Civil and human rights

NSWCCL submission to Productivity Commission on Mental Health

The Productivity Commission is currently conducting an inquiry into mental health. The NSW Council for Civil Liberties (CCL) submission to this inquiry is now online.

Our submission focuses on two issues. First, it addresses features of the justice system, and Aboriginal people with disabilities. It then turns to considering the social security systems, and how these contribute to mental health issues in Australia.

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New and coordinated push for abortion law reform in NSW

A major coordinated campaign to decriminalise abortion in NSW was launched today by a new advocacy coalition - the NSW Pro-Choice Alliance. 

The NSW Council for Civil Liberties is a foundation member of this new broad-based Alliance and will continue our half century of advocacy for abortion law reform through active participation in the Alliance campaign.

The formation of this Alliance around a renewed campaign to achieve the long overdue decriminalisation of abortion in NSW is an exciting and significant development.

There is reason to hope this alliance of over 60 organisations will be able to persuade members of the NSW Parliament across political divisions to remove the current archaic and cruel law criminalising abortion and allow the women of NSW the right to make their own decisions about their reproductive health.

After all, this is a right which is available to women in every other state and is supported by a clear majority of the community in NSW.

Pro-Choice goals 

The NSW Pro-­Choice Alliance represents expert legal, health and community voices across NSW. We are campaigning to remove abortion from the NSW Crimes Act and to ensure that abortion is regulated like any other health procedure.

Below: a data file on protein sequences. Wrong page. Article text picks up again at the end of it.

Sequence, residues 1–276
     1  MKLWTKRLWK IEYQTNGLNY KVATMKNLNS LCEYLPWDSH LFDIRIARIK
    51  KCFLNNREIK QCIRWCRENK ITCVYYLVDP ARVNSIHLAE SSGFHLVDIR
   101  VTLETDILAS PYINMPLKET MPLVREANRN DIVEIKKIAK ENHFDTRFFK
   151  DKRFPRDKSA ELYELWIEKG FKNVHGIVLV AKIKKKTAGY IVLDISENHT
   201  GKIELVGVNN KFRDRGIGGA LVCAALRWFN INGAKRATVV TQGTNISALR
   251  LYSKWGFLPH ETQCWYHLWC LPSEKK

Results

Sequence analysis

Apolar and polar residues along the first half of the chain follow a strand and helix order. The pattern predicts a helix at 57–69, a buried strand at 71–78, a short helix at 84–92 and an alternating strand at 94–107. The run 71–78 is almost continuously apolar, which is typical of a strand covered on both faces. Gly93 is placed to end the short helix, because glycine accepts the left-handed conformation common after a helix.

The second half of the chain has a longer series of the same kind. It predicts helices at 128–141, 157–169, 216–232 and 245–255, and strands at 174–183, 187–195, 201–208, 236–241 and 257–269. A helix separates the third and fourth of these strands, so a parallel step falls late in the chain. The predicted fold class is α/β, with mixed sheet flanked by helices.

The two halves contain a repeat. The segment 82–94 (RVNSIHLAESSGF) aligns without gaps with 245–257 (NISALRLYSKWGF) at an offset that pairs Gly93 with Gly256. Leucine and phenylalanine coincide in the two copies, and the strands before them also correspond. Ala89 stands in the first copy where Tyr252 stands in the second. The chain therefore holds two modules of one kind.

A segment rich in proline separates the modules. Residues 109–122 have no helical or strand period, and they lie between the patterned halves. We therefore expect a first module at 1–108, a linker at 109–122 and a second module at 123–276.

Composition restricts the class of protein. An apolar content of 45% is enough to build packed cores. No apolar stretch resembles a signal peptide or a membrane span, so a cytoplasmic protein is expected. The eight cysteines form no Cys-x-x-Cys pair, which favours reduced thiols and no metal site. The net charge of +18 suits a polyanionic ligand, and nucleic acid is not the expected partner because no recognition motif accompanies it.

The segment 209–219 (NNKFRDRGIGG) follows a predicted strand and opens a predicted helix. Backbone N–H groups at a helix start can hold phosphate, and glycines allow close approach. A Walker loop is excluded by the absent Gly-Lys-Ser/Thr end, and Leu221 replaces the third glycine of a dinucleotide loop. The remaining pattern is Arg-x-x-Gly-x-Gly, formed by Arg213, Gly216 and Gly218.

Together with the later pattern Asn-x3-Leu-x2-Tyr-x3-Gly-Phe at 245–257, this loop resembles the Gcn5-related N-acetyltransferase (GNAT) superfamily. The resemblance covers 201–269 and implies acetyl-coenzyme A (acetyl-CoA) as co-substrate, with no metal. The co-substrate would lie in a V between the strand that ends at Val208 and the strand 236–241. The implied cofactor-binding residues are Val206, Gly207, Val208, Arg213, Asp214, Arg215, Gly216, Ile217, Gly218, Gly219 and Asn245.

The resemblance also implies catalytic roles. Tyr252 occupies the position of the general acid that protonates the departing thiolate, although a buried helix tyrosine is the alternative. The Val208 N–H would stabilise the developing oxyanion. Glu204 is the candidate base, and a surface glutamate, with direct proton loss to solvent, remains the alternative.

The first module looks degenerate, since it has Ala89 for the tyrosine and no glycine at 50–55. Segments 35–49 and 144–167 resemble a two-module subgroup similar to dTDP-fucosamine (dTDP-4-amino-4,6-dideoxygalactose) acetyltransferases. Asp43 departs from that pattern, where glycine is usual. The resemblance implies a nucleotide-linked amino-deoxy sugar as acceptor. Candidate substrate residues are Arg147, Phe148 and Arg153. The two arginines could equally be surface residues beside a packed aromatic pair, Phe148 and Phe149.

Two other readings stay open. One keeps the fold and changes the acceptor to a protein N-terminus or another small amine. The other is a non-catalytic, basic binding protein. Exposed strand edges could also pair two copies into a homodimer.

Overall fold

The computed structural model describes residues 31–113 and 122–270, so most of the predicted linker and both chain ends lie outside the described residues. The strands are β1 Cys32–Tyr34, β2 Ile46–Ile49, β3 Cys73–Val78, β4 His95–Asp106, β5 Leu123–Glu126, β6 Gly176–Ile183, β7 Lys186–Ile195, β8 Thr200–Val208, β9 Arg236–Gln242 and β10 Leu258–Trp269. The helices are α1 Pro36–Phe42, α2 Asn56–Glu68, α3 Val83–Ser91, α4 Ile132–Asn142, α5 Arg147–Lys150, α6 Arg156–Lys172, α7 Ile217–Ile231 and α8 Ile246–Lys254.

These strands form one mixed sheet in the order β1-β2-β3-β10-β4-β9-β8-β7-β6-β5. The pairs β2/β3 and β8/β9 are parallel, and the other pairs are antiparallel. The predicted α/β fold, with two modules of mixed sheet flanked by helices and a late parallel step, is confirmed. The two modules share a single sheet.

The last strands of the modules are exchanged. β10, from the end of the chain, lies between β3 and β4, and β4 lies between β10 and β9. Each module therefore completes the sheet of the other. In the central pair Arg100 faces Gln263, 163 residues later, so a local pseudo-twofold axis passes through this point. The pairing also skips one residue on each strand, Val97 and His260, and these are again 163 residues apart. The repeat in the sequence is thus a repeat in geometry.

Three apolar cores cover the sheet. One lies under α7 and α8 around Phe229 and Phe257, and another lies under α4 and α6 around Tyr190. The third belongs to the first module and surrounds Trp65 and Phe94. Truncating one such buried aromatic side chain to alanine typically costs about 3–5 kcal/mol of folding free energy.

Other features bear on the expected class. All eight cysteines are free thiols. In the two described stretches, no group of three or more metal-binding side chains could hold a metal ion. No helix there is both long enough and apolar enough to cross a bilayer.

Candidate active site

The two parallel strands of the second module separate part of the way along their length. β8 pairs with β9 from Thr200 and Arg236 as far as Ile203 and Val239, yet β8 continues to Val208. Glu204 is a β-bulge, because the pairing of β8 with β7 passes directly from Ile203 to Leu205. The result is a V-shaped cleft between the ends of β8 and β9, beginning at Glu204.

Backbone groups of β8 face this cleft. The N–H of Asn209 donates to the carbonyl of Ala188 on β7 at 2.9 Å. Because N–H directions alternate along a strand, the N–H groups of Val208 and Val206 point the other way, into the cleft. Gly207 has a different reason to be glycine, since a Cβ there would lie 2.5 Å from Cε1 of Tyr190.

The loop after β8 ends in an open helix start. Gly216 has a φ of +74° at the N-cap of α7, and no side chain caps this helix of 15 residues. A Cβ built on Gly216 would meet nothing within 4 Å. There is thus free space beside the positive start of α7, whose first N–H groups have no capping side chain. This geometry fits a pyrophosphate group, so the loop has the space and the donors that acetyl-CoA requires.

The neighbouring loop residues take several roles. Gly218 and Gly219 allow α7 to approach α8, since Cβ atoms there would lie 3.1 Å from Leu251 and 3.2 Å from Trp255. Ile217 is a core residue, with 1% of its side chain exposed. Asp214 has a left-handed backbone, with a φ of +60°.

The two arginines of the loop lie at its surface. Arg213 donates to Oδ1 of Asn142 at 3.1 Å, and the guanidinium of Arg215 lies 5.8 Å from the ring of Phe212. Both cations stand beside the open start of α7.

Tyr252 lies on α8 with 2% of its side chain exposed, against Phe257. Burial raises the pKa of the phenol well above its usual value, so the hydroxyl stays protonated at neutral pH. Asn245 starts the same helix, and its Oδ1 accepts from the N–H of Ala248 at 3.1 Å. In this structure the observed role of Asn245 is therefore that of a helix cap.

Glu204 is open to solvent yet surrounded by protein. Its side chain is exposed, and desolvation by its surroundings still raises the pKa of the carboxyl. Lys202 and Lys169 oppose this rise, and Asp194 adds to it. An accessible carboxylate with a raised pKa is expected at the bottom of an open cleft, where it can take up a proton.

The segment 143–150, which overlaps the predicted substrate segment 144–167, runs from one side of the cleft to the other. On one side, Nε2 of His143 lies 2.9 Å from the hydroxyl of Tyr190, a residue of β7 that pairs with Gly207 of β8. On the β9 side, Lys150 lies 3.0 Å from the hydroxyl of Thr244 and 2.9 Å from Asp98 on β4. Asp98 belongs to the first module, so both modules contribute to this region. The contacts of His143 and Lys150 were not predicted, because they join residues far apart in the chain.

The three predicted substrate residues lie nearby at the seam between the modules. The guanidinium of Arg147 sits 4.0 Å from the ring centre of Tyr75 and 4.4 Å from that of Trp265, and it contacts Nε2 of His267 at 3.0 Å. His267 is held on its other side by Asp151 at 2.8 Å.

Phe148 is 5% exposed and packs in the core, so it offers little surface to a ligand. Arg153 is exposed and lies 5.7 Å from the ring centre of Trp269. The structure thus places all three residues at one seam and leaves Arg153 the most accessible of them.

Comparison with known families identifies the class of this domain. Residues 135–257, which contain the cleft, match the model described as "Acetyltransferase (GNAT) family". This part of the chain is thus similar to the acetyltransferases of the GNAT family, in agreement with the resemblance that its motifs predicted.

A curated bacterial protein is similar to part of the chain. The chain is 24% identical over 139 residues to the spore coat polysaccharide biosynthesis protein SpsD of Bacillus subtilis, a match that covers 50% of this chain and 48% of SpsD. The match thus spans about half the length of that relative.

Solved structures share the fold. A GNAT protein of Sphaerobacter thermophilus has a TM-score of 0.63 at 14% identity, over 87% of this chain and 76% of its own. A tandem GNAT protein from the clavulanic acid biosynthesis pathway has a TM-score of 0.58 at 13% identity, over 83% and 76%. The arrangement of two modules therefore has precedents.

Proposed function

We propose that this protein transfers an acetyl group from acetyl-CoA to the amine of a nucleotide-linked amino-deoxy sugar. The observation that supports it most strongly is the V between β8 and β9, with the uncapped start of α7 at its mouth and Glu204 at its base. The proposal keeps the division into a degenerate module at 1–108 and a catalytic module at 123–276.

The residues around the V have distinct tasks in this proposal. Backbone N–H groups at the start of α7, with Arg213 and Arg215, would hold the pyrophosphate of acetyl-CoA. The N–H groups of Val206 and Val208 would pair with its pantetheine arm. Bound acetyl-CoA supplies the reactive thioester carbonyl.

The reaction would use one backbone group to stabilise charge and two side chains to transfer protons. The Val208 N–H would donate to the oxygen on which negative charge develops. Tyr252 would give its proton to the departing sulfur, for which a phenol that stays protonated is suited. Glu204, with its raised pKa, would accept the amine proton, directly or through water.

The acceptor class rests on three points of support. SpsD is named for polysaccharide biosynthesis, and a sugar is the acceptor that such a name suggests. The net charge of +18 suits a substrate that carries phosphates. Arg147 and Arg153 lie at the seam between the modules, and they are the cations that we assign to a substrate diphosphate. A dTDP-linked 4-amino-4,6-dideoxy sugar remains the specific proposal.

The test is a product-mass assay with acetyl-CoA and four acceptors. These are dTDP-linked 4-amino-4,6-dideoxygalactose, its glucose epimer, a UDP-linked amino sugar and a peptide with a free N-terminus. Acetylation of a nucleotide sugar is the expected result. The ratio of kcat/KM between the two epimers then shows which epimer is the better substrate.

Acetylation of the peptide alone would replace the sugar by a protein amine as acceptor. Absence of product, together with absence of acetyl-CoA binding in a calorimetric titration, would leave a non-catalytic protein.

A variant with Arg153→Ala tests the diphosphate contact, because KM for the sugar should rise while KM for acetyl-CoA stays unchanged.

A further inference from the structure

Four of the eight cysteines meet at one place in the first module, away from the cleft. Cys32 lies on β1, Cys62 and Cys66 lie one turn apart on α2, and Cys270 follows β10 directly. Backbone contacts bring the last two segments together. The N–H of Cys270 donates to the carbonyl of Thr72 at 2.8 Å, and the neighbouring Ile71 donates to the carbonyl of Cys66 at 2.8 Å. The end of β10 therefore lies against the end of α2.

We recommend the repeal of sections 82­-84 of the NSW Crimes Act 1900 and the implementation of legislation similar to Queensland’s Termination of Pregnancy Act 2018 and Victoria’s Abortion Law Reform Act 2008. 

We seek changes so that the law will:

  • Regulate abortion as a health procedure
  • Ensure consistency with contemporary clinical practice, and public health standards
  • Empower women with the right to choose what happens to their own bodies, and guarantee equal access to safe, high quality healthcare, and
  • Align with international human rights obligations

Next steps

The Alliance will be discussing the proposed reforms with the Government, Opposition and other members of Parliament as well as seeking further community support.

NSWCCL urges CCL members and supporters to contact their local members and members of the Legislative Council and discuss the urgent need for decriminalisation of abortion in NSW.  

 

PCA media statement 2/5/19

List of supporting organisations

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New South Wales Council for Civil Liberties welcomes ALP support for Aboriginal legal aid and justice reinvestment

29 April 2019

The New South Wales Council for Civil Liberties (CCL) has welcomed a pledge by the Australian Labor Party to invest $107 million to address the disproportionate incarceration rates of Aboriginal and Torres Strait Islander peoples.

The announcement by Labor’s shadow Indigenous Affairs spokesperson Pat Dodson and shadow Attorney General Mark Dreyfus includes $44 million in Aboriginal and Torres Strait Islander legal Services, $21.5 million for family violence prevention legal services, $21.75 million for justice reinvestment programs in NSW, Western Australia, Queensland, and the Northern Territory. Labor has also committed to adopting justice targets as part of the Closing the Gap framework.

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Supreme Court of Western Australia rules bottom pinching isn’t indecent assault